The second important need to be met is appropriate humidty. This is fairly easy to provide by moistening slightly the sand at one end of the cage. Fine sand is used with great results. I would also reccommend the use of natural sand as opposed to processed sand made from crushed rock. Natural sand is smooth and free of jagged edges, where processed sand is like walking on glass shards. I am luck to live in Utah and have some access to the nice red sand of southern Utah to use in the gecko cages. The sand on the moist end must be moist enough that it will clump when squeezed in the hand and which will hold a burrow. You may also provide an inverted potting dish with a hole cut in the side or rocks SECURELY stacked over the moist area. If the sand is deep enough, the geckos will make their own burrows. The entrance of the burrows or the opening provided in the inverted container or terra cotta plant drainers will be plugged with sand to retain the moisture in the burrow. If knob-tails aren't allowed to burrow and close themselves in in this manner, they will soon dehydrate with unfortunate results.
As mentioned above these geckos need a natural recognizable substrate. Natural fine sand works wonderfully. Don't keep these geckos on something they don't recognize. If kept on newspaper, leaf litter, or other substrate, they will not know what to do with it. It would be like us living in our swimming pools; we could live there, but it wouldn't be that great. I like to provide my females with an extra deep layer of substrate (4-6 inches) so they can prepare for nesting. I have used sand from nature with no problems. Once these simple needs are met and maintained, they are easy to keep.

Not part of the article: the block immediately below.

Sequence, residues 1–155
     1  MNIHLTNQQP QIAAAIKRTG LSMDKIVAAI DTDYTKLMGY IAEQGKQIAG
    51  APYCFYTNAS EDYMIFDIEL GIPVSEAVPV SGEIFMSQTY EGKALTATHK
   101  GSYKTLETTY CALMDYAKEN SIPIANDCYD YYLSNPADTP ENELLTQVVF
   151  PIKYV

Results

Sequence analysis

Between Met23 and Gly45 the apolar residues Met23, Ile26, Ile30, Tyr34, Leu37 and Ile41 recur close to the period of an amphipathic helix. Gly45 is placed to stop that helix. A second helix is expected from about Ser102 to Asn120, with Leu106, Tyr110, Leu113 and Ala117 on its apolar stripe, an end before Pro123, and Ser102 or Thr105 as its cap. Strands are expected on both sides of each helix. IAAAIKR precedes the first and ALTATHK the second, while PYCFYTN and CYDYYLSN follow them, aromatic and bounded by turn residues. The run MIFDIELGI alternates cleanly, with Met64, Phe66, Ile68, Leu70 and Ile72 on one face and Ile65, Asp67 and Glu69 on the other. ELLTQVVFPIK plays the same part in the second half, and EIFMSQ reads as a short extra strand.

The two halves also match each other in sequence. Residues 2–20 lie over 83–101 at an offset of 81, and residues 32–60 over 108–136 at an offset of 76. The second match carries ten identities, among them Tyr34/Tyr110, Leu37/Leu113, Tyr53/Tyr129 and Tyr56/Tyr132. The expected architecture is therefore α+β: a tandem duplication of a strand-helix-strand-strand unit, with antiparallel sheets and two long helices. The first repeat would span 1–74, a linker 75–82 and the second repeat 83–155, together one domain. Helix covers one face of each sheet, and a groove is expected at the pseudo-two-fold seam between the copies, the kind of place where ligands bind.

Knob-tails in captivity will eat a variety of insects including crickets, mealworms, superworms, locusts, cockroaches and other appropraitely sized bugs. I dust the food items with an appropriate calcium or multivitamin powder. They can eat fairly large meals when compared with other geckos of similar size, but care must be taken not to feed them too large of food items. They hunt at night and emerge from their burrows early in the evening, so they should be fed at that time. Don't throw insects in the cage during the day or during the day when they are sleeping or they will lose their dusting and can cause other problems. Crickets will lay eggs in the moist end sand which will hatch in the warmth and you'll have baby crickets everywhere. The baby crickets will annoy and stress the geckos out alot, so it is a good practice to pinch the ovipositors of the female crickets to make sure no eggs are laid before feeding. If you notice baby crickets in the cage, replace the substrate immediately to remove all the baby crickets. Mist the cage once every couple of days in the summer warm months and less frequently during the winter cool. If the geckos are out, mist them as well and so they can drink, licking the droplets off their face.